Later uses[edit]

The structure continued to serve as Oxnard's city hall until 1949 and as the Oxnard Public Library until 1963.[2][20]

In March 1963, the Oxnard Public Library moved to a new location, and the building was used between 1963 and 1975 by the Oxnard Convention and Visitors Bureau and the Chamber of Commerce.[21]

Two of the structure's three neoclassical facades

In 1977, the city received a $133,000 federal grant to restore the building, which re-opened on August 16, 1980, as the Carnegie Cultural Arts Center, which was the home of the Art Club of Oxnard, the Oxnard Historical Society Museum and the audiovisual portion of the Oxnard Public Library.[12]

In 1986, the building became the Carnegie Art Museum, owned and operated by the City of Oxnard.[2][12] The museum had 37,000 visitors in 2002.[22] It has hosted exhibitions by Southern California artists, including Michael Dvortcsak, Joyce Trieman, Frank Romero and Gronk.[22][23] The Museum also has a permanent collection of more than 1,500 art and ethnographic objects, including over 600 paintings, drawings, prints and photographs primarily by 20th century California artists such as Arthur Beaumont, Colin Campbell Cooper, Millard Sheets, and Leo Politi.[24]

In 2019 the city considered laying off the employees at the museum and at the Oxnard Performing Arts Center and shuttering both facilities.[25] At that time, city officials stated the closure was temporary and the museum could reopen when new downtown development began, which was expected within about three years.[26]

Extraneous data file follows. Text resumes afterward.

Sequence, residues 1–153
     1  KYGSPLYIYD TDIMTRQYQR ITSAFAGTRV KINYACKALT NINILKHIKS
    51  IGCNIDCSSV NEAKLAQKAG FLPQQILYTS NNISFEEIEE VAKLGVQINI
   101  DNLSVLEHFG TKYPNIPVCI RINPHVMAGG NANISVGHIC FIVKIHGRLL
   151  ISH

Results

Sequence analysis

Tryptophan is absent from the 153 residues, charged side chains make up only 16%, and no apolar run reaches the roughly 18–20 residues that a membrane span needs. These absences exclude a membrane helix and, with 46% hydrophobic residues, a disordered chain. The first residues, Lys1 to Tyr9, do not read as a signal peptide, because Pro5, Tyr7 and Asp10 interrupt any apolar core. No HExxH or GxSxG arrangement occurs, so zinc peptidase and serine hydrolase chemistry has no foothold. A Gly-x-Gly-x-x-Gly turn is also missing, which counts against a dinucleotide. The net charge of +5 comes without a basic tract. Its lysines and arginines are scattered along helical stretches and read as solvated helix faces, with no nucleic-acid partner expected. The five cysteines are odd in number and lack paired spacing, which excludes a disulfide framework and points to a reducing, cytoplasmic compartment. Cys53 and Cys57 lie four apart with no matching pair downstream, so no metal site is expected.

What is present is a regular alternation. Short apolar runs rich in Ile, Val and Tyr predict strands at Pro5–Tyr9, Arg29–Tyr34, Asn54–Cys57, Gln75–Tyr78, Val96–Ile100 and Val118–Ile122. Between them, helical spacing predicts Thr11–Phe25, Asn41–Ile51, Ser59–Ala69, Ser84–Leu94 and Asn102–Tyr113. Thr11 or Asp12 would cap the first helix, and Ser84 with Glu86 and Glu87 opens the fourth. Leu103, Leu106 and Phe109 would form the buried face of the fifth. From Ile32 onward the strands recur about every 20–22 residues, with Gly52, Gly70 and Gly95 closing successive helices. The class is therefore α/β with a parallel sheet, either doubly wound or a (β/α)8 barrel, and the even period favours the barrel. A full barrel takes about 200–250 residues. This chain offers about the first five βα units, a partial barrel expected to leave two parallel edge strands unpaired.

Historic designation[edit]

In February 1971, the Ventura County Cultural Heritage Board listed the building as a heritage landmark.[21]

In July 1971, the building was added to the National Register of Historic Places, becoming the first site so designated in Ventura County.

In popular culture[edit]

It also served as a facade for the "Dan August" television show starring Burt Reynolds in the early 1970s.[22]

See also[edit]


  1. ^ "National Register Information System". National Register of Historic Places. National Park Service. April 15, 2008.
  2. ^ a b c "Carnegie Cultural Center open to public: History of art center reveals integral usefulness to county residents". Los Angeles Times. May 2, 1981.
  3. ^ "Carnegie Libraries of California - Oxnard, California". Retrieved December 23, 2017.
  4. ^ Patel, Shivani (June 5, 2020). "Oxnard's Haydock school renamed Dr. Manuel Lopez Academy of Arts and Sciences". Ventura County Star. Retrieved June 6, 2020.
  5. ^ "Move Toward Carnegie Library". Oxnard Courier. December 23, 1904. p. 1 – via
  6. ^ "Carnegie Library Movement". Oxnard Courier. December 30, 1904. p. 1 – via